As it is with all comebacks, there are, of course, no guarantees.
Moyse has had hip surgery since the last Olympics and her rugby career took its toll, causing her to miss entire bobsleigh seasons between Olympic appearances.
Her back is chronically out of alignment and she’s got some catching up to do in order to compete with and perhaps surpass much younger athletes.
Still, based on the assessment of Bobsleigh Canada’s high-performance staff, she believes it’s worth trying to recapture a widely acknowledged ability to push a sled to remarkable velocity off the line.
“I believe this strengthens the chances for Canada,” Moyse figured. “But I have to be disciplined. Right now it’s a matter of me catching up with my power potential. This is the nature of high performance sport.”
In a sense, she’s answered the call. But in doing so, Moyse is bound to create a whole new environment in the Canadian camp just months away from the Olympic Games in Pyeongchang, South Korea.
Although they have yet to experience the Olympics, brakemen Melissa Lotholz and Cynthia Appiah have both established themselves in the seat behind Humphries on the World Cup circuit, and at the world championships. And recently Canadian star hurdler Phylicia George is challenging for a spot in a sled once the Olympics in South Korea roll around.
Stirring the pot
While Moyse is slightly nervous about stirring the pot, she’s been able to justify the rationale behind her return to the fray.
“It’s never been an easy thing to do, to come in and compete for a job with somebody else,” she said.
“I think initially there will be a bit of hesitation and nervousness on the part of others. That’s natural. It’s tough but it’s a part of what it means to be an Olympic athlete. I hope it will spark some drive and a positive, competitive environment. This is about putting the best people together on the day and giving the country more chances to win.”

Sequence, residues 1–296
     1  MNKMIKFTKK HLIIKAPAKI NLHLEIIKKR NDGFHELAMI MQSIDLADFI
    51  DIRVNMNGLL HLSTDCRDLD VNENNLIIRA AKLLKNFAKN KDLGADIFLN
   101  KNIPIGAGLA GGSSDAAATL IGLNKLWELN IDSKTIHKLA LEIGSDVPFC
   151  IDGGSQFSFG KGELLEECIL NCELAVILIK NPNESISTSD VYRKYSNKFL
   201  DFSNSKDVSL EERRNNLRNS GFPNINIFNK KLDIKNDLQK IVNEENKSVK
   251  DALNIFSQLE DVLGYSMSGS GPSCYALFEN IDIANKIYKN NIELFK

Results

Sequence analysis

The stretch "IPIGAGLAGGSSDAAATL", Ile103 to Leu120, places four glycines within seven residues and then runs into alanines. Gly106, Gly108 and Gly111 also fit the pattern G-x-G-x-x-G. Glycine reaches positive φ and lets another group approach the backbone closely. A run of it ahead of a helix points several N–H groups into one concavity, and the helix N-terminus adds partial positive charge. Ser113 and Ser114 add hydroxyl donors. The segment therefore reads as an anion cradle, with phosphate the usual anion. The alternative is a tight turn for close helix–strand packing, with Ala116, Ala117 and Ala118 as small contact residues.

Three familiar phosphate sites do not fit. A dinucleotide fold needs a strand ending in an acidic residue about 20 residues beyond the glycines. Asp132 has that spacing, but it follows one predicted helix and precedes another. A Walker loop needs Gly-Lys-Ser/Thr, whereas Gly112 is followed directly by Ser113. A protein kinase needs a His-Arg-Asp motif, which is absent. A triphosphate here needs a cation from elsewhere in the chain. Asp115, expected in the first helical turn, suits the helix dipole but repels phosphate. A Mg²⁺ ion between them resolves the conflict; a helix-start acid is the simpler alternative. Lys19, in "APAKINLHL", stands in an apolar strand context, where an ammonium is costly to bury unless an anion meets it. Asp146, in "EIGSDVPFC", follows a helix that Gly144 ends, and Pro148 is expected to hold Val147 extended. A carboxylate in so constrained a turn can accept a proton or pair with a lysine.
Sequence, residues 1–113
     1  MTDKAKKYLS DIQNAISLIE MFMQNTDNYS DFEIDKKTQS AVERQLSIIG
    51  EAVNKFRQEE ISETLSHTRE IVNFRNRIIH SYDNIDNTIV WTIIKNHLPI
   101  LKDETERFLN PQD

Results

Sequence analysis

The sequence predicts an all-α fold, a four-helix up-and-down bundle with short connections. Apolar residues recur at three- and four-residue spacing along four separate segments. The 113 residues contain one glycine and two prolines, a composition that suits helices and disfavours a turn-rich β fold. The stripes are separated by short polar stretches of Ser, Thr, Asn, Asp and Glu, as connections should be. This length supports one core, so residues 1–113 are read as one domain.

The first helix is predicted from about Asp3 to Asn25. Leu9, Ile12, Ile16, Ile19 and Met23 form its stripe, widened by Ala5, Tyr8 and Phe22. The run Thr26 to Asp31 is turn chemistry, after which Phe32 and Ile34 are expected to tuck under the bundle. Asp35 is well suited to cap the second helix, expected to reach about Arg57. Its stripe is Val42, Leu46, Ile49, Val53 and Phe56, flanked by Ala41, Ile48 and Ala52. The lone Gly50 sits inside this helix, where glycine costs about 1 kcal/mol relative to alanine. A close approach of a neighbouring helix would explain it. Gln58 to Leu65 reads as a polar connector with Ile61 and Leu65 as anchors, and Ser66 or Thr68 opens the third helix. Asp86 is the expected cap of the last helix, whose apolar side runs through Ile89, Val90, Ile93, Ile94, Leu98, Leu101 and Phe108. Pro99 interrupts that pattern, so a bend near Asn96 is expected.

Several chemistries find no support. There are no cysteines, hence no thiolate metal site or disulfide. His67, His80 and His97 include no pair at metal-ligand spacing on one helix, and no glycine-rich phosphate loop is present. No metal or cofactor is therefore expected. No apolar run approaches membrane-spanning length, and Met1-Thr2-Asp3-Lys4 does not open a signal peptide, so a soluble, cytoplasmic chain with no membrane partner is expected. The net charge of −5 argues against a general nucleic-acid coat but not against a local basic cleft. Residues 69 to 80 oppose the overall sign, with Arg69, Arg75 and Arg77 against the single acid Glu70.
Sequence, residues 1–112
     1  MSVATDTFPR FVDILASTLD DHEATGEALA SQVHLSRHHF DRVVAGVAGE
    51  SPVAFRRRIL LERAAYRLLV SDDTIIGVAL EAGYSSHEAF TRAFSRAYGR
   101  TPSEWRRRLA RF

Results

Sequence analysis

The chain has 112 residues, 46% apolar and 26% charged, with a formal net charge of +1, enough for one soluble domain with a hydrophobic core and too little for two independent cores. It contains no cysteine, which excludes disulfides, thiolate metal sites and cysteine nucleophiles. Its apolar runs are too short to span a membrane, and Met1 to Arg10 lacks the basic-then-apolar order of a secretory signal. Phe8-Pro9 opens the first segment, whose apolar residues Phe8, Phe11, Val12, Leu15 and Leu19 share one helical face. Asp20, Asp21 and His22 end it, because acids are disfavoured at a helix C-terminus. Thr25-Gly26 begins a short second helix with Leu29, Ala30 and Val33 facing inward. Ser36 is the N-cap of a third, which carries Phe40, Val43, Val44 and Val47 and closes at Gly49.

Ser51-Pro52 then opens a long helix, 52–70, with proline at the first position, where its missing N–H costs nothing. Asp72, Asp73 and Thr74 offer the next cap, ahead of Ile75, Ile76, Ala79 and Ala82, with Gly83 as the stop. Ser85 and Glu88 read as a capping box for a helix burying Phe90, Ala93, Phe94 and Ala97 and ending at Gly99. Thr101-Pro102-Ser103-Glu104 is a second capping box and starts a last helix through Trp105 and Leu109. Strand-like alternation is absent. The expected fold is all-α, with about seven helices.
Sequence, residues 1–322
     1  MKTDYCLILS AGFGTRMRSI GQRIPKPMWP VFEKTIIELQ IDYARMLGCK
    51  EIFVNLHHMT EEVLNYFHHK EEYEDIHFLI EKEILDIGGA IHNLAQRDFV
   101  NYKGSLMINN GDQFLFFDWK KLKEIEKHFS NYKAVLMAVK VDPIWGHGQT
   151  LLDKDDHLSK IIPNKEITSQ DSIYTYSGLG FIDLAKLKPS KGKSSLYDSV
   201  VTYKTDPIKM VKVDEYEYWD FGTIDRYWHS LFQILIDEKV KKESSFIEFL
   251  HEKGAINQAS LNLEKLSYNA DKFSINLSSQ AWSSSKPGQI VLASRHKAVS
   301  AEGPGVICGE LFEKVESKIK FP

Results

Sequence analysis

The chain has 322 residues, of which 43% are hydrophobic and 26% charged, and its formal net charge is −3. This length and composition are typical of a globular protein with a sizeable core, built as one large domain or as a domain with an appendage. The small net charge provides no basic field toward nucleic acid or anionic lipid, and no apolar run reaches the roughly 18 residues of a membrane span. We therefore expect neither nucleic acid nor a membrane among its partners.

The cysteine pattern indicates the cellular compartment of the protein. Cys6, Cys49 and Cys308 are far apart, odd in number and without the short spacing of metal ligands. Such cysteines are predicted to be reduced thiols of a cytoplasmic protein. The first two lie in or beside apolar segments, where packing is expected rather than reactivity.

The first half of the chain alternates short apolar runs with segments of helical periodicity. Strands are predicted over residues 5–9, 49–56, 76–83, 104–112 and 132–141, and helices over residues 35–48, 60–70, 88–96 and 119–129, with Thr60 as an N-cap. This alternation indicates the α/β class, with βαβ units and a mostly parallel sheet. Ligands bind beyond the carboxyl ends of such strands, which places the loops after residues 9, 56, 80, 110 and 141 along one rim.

It’s not like this is the first time Moyse has attempted this. The situation was similar in the fall of 2013 before the last Games in Sochi. She showed up after recovering from shoulder injury and eventually turned an unlikely training camp appearance into another gold medal.
Her arrival at the Ice House in Calgary, where the sleds repeatedly rumble out of the start gate, is like a signal that things are getting serious. It’s an indication that the campaign is about to get underway in earnest.
“It’s all going to be real very soon,” Moyse said before catching her flight. “The opportunity to help in a totally different way is hugely motivating and an immense challenge. I hope by doing this I can convert that feeling into something really positive in the Olympic season.”
Perhaps that’s what’s driving this comeback effort.
When push comes to shove, Moyse wants to be someone who is more than just along for the ride.
Her aim is to help Canada’s future bobsleigh stars navigate their way to victory at the Olympics.